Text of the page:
It was challenging because it was a kind of responsibility. Whatever you are doing, saying or projecting, are you 110 percent sure? You can’t say “let’s make a tight thriller on it because it’s a take on a real case”. You need to consult again and again, and try to find out the truth on your own. Then you do the scene. At one point of time, when the film was complete, we had a discussion that there were other points of view which were important for the film. Because we are not telling a story about a particular person here but we are trying to put a point of view and in that, there is a larger picture on how the system operates. So, we decided to do that. We started researching again and for five months we met those (accused) people and took their POV. And it took us five long months and then we came up with a final thirteen minute scene in a room which has a strange climax.
Since, this movie is based on a real case, there must have been a lot of research that must have gone into it. Did you also follow it closely?
Initially yes. I was aware of it but later when it became an item number on the news channels, I stopped.
You’ve worked in a lot of international films. In comparison to that, how is Talvar, knowing that it’s said to be a very bold film?
That you can make out from the reaction at Toronto where the theatre was packed with foreign audience and also from the reviews in Hollywood Reporter, Variety, Mint and other magazines. This film has, in the true sense, the capability to entertain a universal audience. It’s making, it’s content, it’s style: it has that level.
Producers start off by promoting their films and saying that they are based on true facts and stories, but when it’s time for the release, a lot has been dramatized and altered in the content. Why do you think producers even today are shying away from making films like Talvar, which are raw and fact-driven?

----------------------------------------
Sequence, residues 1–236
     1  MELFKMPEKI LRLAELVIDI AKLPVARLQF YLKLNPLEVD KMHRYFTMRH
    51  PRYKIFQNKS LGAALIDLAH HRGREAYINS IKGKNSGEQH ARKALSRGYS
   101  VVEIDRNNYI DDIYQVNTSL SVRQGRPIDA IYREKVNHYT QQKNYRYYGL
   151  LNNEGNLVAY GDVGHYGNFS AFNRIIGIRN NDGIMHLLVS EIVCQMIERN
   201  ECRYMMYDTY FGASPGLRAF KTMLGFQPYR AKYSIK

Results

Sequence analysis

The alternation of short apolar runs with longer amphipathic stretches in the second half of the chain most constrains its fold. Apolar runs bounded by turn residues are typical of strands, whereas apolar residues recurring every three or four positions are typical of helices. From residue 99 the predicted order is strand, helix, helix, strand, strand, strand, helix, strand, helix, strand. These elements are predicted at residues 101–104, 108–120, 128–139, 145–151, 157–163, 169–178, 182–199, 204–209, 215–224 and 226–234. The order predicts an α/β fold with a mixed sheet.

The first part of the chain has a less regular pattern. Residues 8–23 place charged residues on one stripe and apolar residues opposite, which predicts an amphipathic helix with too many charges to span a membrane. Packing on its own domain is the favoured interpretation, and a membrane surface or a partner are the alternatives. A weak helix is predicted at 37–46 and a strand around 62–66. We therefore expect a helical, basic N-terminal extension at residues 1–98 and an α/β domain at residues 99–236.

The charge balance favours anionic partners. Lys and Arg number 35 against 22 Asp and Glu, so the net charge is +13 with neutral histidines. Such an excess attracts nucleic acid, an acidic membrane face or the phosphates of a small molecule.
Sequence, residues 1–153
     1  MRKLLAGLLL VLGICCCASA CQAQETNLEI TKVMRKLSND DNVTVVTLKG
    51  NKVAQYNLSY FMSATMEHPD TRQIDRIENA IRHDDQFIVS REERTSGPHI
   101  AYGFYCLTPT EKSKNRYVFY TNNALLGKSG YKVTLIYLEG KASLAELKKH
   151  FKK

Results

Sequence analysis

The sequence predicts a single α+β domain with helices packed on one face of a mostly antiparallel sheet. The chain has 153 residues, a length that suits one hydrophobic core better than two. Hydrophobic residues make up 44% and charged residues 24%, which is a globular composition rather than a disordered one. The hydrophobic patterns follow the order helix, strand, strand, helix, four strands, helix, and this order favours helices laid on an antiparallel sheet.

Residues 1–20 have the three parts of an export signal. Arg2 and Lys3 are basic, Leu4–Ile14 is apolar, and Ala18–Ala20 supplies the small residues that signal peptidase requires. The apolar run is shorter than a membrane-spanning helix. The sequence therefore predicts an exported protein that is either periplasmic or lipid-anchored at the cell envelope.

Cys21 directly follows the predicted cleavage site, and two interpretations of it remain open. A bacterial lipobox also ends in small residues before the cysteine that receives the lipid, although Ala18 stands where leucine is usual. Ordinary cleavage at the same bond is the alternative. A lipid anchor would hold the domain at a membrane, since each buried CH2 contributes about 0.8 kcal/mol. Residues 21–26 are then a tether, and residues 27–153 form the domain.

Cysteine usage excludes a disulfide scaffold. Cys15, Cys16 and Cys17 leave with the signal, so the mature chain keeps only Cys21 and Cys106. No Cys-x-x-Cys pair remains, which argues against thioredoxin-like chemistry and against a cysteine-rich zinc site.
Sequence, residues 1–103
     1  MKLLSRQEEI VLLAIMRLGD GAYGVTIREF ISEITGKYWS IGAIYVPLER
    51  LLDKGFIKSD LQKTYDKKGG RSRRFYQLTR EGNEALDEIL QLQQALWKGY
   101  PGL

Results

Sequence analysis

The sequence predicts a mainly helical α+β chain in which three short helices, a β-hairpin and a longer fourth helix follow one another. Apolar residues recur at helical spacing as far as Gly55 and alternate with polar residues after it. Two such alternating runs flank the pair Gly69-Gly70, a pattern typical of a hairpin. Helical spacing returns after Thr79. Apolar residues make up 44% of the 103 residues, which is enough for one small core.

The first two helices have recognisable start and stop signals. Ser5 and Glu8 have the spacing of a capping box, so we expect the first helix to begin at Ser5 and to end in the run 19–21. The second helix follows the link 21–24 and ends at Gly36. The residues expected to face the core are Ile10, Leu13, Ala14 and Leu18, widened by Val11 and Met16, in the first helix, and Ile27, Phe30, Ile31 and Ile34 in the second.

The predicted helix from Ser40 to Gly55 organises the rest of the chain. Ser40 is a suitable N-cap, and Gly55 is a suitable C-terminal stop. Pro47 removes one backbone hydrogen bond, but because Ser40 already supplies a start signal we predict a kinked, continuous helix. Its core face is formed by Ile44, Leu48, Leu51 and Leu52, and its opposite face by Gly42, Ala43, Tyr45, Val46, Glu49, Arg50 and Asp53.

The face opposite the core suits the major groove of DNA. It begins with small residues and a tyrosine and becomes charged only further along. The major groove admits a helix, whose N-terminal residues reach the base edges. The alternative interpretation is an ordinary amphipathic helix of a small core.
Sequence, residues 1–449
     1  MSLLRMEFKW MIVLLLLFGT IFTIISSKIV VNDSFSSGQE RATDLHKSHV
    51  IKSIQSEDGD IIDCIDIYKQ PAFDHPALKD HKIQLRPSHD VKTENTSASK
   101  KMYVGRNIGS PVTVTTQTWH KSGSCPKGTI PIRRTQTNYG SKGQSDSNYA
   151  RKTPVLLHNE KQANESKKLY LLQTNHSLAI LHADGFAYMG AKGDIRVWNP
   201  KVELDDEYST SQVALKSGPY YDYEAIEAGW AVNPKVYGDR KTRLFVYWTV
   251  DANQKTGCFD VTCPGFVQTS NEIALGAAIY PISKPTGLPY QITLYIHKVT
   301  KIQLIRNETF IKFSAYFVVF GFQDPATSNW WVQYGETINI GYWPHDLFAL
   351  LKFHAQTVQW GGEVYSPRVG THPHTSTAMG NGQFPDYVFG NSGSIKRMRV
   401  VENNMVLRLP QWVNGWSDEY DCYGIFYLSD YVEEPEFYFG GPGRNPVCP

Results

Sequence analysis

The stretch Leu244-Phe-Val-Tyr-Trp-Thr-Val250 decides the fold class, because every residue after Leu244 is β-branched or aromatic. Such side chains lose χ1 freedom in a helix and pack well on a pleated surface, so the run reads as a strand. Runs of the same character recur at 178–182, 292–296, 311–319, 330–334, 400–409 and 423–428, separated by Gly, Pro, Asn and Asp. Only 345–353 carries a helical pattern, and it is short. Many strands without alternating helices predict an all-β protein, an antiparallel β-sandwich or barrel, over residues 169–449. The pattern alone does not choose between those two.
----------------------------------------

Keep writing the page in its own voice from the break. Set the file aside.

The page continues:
As I said earlier, films can be a medium to reflect about yourself and the society and it can also become a tool to fluffy entertainment. It’s a personal choice of the filmmaker: in which direction he wants to go in. There’s no judgment on that. We can’t judge. But it shows/reflects the time in which we are living.
How was it like working with Vishal Bhardwaj and Meghna Gulzar?
As it was earlier. (Laughs)
Would you elaborate please?
We have a good team. We understand each other. He likes my interpretation of things, what I do with his writings, although he doesn’t cast me (laughs)
Tell us about the experience of working with Konkona?
We don’t have many scenes together. But I love Konkona. She’s a very engaging actress. There are some great performances in this film. Gajraj is a revelation. He’ll make you laugh in the most absurd and weird circumstances. And it’s all black humour in true sense. It’s a very unique film in that sense.
Aishwarya had recently spoken at an event that she was looking forward to working with you as soon as she knew you were on board for the film. What was your experience with Aishwarya like?
It’s a dream for any actor to be paired with Aishwarya. I am fortunate that I worked with her and I found her to be a very genuine, kind-hearted, warm and caring person. She’s a beautiful woman and she’s done a great job in the film. I had a great time working with her.